It is understood that the standards for independent monitoring established by the Foundation shall be based on the best practice of the two existing professions that monitor labour practices - the labour inspectorate and the contract-enforcement practices of trade unions. It is also understood that these standards shall include ethical practices for monitors, including respect for any confidential commercial information. It is also understood that any individuals engaged to conduct monitoring shall receive training for this purpose.
Companies adopting the
code of labour practice for the apparel and sportswear industry shall enter
into an agreement with the Foundation. This agreement shall provide for the
|the time-frame in which the production in the different facilities should comply with all the standards in the code;|
|the information the company has to give to the Monitoring Foundation (b);|
|the payments the company should make to the Monitoring Foundation;|
|the procedures for the actual monitoring and the obligations of the different parties; and|
|the use of the Foundation contract by the company in its public relations.|
With respect to (b) the company assumes the following obligations:
|to maintain full and up-to-date information on all contractors, sub-contractors, suppliers and licensees obliged to observe this code, including the nature and location of all workplaces, and to provide this information to the Foundation or its accredited monitors in a timely manner upon request.|
|to require contractors, sub-contractors, suppliers and licensees to maintain records of the names, ages, hours worked, and wages paid for each worker, and make these records available for inspection by accredited monitors, and to allow the Foundation or its accredited monitors to conduct confidential interviews with workers.|
|to ensure that the code is clearly displayed in all places where apparel and sportswear are produced and/or distributed by or under agreement with or for the company and provide authorised texts of the code to contractors and suppliers for their use, and the use by any contractors, sub-contractors and suppliers obliged to observe this code. In all cases the text of the code so displayed shall be in languages so that the workers concerned are able to understand it. The text of the code shall be provided to each worker covered by its provisions and all workers so covered shall be orally informed in a language that they can understand of the provisions of the code.|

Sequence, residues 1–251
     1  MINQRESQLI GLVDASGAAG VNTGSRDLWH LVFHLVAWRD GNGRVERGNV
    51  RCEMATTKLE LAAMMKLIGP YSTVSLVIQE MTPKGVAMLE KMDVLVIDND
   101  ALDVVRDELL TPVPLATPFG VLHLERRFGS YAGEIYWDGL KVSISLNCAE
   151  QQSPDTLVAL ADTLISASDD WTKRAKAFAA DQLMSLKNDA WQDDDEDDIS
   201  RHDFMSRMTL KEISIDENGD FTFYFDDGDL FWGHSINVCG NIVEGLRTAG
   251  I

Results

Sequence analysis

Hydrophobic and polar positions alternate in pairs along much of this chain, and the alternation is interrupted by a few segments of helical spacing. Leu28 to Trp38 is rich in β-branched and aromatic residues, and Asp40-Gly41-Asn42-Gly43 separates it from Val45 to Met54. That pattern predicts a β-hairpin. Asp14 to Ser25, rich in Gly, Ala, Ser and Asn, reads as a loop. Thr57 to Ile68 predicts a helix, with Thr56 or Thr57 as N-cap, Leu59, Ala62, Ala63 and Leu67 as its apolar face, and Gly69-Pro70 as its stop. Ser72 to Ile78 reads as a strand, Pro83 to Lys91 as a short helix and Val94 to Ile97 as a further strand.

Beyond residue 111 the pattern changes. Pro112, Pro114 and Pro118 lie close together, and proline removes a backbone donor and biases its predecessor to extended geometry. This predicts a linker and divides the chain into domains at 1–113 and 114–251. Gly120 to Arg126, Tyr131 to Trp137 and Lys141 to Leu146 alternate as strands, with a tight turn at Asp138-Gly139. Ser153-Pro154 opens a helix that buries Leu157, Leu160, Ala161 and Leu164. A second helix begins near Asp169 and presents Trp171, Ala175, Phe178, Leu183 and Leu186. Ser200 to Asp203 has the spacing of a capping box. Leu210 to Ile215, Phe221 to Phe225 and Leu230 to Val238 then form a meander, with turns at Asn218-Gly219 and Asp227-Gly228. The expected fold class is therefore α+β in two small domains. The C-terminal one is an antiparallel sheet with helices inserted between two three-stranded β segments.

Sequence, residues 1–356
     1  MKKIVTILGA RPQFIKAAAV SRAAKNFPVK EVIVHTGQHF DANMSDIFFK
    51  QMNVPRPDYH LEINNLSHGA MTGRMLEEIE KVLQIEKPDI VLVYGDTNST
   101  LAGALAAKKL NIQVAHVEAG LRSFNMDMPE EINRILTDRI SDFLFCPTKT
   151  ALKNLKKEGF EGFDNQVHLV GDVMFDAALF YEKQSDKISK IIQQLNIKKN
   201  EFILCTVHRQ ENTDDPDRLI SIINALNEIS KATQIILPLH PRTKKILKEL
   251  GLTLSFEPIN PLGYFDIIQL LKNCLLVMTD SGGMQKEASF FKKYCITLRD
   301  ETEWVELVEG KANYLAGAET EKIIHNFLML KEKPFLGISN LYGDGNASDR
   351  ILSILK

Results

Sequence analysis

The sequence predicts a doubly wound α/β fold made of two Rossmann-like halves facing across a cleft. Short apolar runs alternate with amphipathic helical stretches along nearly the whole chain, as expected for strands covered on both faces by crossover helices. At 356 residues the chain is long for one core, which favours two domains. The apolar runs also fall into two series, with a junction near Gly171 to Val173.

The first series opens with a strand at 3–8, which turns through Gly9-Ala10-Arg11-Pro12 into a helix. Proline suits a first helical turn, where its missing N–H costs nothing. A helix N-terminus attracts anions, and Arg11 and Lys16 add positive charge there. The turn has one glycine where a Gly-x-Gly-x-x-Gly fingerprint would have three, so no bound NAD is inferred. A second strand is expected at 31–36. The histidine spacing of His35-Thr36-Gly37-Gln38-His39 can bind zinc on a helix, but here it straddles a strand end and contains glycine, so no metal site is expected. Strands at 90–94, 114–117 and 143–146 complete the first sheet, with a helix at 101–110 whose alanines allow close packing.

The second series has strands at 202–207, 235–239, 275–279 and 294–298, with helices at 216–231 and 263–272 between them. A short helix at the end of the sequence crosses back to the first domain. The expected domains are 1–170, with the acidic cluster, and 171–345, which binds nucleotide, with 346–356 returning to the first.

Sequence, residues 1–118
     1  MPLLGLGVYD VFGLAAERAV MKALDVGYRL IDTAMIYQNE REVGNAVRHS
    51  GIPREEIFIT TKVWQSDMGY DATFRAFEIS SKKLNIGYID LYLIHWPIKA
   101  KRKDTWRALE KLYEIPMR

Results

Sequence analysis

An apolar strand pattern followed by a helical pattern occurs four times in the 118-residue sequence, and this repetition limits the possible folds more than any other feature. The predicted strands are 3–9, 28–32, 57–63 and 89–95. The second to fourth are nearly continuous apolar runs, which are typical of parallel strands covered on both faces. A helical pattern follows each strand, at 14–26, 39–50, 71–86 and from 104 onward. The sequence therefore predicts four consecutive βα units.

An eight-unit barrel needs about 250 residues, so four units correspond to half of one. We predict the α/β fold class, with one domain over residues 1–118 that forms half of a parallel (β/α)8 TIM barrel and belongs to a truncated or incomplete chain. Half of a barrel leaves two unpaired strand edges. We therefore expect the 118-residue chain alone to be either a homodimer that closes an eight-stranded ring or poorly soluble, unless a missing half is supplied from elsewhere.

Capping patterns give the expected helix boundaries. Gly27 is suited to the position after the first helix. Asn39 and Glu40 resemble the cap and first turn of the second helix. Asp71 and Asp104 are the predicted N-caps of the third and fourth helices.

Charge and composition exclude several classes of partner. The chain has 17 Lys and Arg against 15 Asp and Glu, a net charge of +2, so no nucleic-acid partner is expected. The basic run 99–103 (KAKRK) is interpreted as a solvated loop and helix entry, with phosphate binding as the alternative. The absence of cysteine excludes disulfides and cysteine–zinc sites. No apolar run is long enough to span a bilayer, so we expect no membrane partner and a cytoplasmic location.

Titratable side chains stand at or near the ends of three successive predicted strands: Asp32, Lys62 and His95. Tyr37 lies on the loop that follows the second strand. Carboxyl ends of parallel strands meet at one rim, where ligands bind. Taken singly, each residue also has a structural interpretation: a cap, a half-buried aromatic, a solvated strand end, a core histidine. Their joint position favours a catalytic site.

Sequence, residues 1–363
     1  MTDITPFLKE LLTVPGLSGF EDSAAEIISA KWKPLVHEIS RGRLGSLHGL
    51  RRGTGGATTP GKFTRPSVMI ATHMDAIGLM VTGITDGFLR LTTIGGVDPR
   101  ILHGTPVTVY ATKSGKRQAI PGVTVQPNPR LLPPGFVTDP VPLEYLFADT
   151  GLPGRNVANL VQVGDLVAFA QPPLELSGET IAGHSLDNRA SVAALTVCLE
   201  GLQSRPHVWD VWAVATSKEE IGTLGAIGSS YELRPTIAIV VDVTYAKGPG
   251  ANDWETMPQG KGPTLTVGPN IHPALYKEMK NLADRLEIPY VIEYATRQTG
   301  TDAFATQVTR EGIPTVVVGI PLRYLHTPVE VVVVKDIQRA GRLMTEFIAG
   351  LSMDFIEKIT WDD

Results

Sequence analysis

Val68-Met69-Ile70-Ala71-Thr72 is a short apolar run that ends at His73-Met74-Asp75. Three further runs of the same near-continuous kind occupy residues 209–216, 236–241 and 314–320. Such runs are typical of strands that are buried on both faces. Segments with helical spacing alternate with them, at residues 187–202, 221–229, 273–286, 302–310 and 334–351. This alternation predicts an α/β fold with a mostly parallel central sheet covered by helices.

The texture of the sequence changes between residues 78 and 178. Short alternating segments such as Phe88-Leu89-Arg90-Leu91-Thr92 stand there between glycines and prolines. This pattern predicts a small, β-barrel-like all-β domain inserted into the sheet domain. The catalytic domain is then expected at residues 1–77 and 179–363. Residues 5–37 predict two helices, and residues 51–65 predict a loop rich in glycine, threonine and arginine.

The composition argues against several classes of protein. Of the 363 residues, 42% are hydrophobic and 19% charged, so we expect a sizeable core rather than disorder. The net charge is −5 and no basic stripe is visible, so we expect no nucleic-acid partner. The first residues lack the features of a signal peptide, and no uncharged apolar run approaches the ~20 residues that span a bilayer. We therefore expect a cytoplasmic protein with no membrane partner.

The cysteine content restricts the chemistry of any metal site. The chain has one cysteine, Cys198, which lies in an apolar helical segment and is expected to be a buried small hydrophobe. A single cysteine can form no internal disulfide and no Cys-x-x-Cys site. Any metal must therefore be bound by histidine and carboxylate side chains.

|the code so displayed must provide information to assist workers in reporting violations of the code to the Foundation or its agents taking into account the difficulties that workers will face in doing this and the need for confidentiality in order to protect workers.|
|to allow for the necessary access to independent monitors and provide them with any and all relevant information upon demand.|
|to ensure and clearly demonstrate that the code is being observed by all parties obliged to observe the code, the company must allow the Foundation and its agents access to all information pertaining to the implementation of the code, and ensure that its contractors, sub-contractors and suppliers give similar access to the Foundation and its agents.|
|monitoring must be by the actual observance of working conditions through unannounced inspection visits ("spot checks") to all workplaces covered by the code;|
|the frequency of inspections must be established;|
|accredited monitors must be permitted to interview workers on a confidential basis;|
|in addition to regular or routine inspections, inspections shall be undertaken at specific locations following substantiated complaints, where there is sufficient reason to believe that the code is not being observed;|
|inspections shall be conducted in a way which does not cause undue disruption to the performance of work in the premises being inspected;|
|written reports shall be provided by accredited monitors to all parties and to the participating company concerned following each visit.|
The Foundation may seek
other sources of information concerning compliance with the code including
consultingappropriate trade union organisations, human rights organisations,
religious and other similar institutions in order to obtain additional information
on a certain company or in order to investigate a certain complaint.
If violations of the code are found, the company must agree to accept the recommendation of the Foundation. This recommendation shall in the first instance be aimed at improving the existing situation. Where such improvement is not possible or satisfactory, then the Foundation can oblige companies to re-negotiate, terminate or refuse to renew their contracts with certain contractors, subcontractors and/or suppliers.
Where companies fail to observe their agreement with the Foundation it is understood that the Foundation may release any relevant information to the public and may terminate the contract between the company and the Foundation.
The independent monitoring process shall form the basis for any public claims by the Foundation or by participating companies as to the operation of the code or concerning the actual labour practices covered by the code.